CLICK HERE TO REPORT LAW ENFORCEMENT CORRUPTION (Provide as much information as possible: full names, descriptions, dates, times, activity, witnesses, etc.)

Telephone: 347-632-9775

Saturday, February 6, 2010

FBI Taped Cop Offering Gun to Drug Dealer

FBI allegedly taped NM officer offering gun to dealer
The Albuquerque Journal - February 4, 2010
The officers has been on administrative leave since Oct. 2009

SANTA FE, N.M. — A Santa Fe cop may end up losing his badge after he was caught on an FBI tape promising a gun to a drug dealer "who clearly conveyed his intent to commit murder," according to police documents. Santa Fe police Detective Jose Valencia - who was the police union president at the time the conversation was caught on tape two years ago - was recommended for termination by Chief Aric Wheeler last week, the Journal has learned. The alleged drug dealer is Maximiliano Gonzales of Pecos, whom Valencia has known on some level for years. Valencia has been on administrative leave since October. He also is accused of providing the description of an undercover officer to Gonzales and with making disparaging remarks about fellow officers to the drug suspect, according to state Department of Public Safety documents. But a lawsuit against the city of Santa Fe is in the works, according to an attorney for Valencia who claims his client was the victim of entrapment on the part of "administration higher-ups." Albuquerque attorney Alvin Garcia told the Journal the actions taken against Valencia were a product of a "retaliation" against his client "for reporting corruption (within the department) and not participating in cover-ups." "He was warned that things would come back to bite him," Garcia said. "And they have." Notice of action The allegations against Valencia are spelled out in a DPS document that calls for Valencia's certification as an officer to be revoked, which was written by state Law Enforcement Academy Board director Arthur Ortiz. Valencia is scheduled to go before the board Thursday for a formal hearing. The board is expected to determine his fate at a meeting in March.

The FBI was investigating a separate case two years ago when the agency recorded conversations between Valencia and Gonzales, according to FBI spokesman Darrin Jones. The FBI - which was not investigating Valencia - turned over the information to Santa Fe police and that ended the bureau's involvement in the matter, according to Jones. Jones, who would not say what the FBI investigation was about, said Valencia was not being wiretapped. According to Ortiz's document, Valencia spoke with a "known criminal and drug dealer" by phone Feb. 22 and 26, 2008. During those conversations, Valencia "agreed to provide" a gun to Gonzales, who planned on using it to commit murder, the document states. The document also says Valencia "provided the criminal with a description of an undercover officer who was possibly investigating the criminal, and provided the criminal with information and advice adverse to law enforcement." Another document associated with the academy board investigation states Valencia was "degrading law enforcement by speaking negatively about his fellow officers to a known criminal." And when Santa Fe police talked to Valencia about the incident, the detective "was untruthful with investigating officers," according to Ortiz's reports. The academy board sent Valencia a notice of contemplated action in August. The next month, the detective went before the board for an informal hearing, where Valencia "took no responsibility for his actions, saying it was a misunderstanding because he was conducting a ruse on the informant to obtain information from him," according to the report. Garcia, Valencia's attorney, said Valencia has "been labeled a dirty cop before he has an opportunity to present his side." He contends police administration higher-ups became upset with Valencia after he refused to participate in "cover-ups," but he wouldn't be more specific. Valencia's alleged wrongdoing took place under the administration of former Police Chief Eric Johnson. Current Chief Aric Wheeler was a deputy chief at the time.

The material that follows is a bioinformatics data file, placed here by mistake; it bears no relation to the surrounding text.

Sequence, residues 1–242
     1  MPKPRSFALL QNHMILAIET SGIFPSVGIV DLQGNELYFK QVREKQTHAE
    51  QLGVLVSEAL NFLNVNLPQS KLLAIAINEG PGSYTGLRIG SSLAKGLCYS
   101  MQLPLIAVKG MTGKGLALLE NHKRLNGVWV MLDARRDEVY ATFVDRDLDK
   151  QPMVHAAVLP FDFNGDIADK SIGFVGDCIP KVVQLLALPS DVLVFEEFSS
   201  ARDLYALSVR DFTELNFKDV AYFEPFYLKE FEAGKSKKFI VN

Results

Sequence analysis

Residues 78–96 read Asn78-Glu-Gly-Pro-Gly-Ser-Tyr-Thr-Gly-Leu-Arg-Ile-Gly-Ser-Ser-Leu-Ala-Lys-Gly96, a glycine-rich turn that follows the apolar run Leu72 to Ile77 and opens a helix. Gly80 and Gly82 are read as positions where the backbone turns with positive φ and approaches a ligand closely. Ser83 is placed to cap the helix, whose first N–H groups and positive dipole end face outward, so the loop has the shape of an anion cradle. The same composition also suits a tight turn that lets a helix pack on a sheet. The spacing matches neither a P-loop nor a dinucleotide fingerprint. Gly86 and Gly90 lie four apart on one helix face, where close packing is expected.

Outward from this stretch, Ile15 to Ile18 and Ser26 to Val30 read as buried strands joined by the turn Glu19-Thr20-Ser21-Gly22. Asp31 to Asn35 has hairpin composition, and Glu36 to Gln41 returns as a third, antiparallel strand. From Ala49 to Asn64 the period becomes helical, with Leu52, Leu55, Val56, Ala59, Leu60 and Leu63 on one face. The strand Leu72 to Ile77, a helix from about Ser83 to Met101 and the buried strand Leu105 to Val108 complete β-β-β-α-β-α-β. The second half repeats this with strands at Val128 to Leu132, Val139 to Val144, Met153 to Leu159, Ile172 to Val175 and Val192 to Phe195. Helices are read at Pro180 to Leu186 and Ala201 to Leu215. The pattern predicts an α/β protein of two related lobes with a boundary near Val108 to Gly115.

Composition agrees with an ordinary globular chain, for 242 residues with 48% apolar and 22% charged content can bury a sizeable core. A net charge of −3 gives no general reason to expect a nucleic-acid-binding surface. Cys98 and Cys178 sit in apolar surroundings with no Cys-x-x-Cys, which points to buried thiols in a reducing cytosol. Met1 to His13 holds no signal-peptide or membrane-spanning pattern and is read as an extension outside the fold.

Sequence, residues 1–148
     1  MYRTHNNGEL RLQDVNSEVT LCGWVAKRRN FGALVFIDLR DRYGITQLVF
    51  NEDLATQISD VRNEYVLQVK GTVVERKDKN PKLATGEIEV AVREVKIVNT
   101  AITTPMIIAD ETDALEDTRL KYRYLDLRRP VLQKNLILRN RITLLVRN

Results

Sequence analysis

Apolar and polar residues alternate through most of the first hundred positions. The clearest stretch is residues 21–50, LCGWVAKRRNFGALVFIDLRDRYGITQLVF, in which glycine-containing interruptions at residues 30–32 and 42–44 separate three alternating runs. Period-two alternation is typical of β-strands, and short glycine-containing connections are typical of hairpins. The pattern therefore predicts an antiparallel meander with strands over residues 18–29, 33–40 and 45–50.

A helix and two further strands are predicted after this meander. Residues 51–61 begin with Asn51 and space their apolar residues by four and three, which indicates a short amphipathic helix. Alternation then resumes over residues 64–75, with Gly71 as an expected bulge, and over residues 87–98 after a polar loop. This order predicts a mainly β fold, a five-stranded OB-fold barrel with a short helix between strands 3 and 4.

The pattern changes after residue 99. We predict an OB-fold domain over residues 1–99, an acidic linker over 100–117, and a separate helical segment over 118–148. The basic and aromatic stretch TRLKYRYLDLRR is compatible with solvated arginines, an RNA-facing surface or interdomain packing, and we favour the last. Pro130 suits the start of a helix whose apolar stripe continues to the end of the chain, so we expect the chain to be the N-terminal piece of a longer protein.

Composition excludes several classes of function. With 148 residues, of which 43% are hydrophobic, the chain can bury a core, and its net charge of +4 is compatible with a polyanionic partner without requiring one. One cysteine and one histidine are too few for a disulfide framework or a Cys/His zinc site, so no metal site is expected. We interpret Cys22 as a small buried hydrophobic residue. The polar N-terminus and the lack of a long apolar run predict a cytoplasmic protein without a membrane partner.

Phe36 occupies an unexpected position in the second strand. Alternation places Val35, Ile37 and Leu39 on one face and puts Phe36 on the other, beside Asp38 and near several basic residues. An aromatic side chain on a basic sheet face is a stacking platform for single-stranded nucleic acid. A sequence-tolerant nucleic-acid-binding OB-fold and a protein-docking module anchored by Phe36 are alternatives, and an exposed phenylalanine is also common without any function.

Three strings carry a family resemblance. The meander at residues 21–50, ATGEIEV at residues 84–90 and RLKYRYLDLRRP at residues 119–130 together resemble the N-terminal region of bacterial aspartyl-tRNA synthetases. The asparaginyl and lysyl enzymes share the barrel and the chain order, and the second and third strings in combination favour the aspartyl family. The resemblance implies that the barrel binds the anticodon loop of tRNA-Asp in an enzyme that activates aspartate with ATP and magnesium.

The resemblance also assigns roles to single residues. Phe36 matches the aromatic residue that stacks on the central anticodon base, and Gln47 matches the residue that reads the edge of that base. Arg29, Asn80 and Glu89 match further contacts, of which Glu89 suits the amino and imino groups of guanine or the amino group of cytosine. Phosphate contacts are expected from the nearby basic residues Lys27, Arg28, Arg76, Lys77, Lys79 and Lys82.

Entrapment claim

Valencia was doing his job when he met Gonzales and followed all protocol, without knowing he was being set up, Garcia said. "This guy didn't just fall out of a tree and land at the doorstep and ask for a gun," Garcia said. "They were entrapping him." Garcia denies Valencia was offering to provide a weapon to Gonzales. Garcia also contends the City Attorney's Office has engaged in activity that is "unfair and perhaps illegal" by not producing to his client the Santa Fe police internal affairs documentation or the FBI recordings. Garcia said he expects to file a tort claim notice with the city this week and will spell out his allegations in a coming lawsuit. Garcia said Wheeler recommended Valencia's termination last Thursday, though Wheeler declined to comment on that, citing the case as a confidential personnel matter and the prospect of litigation. The termination must be approved by the city manager, and Valencia will have a chance to appeal. Allan Lopez, who was elected to replace Valencia as head of the Santa Fe Police Officers Association in December, said that if the allegations are true, they would "have a big impact on our Police Department and our extended law enforcement family." Lopez said that the allegations are "serious and alarming" and that, while the union supports due process for everyone, "we can never condone or support these allegations," if they're found to be true. Lopez also said the allegations first surfaced about a year ago, and the Police Department and City Hall administration were aware of them. He said there was a union "no confidence" vote against Valencia in January 2009.

No comments: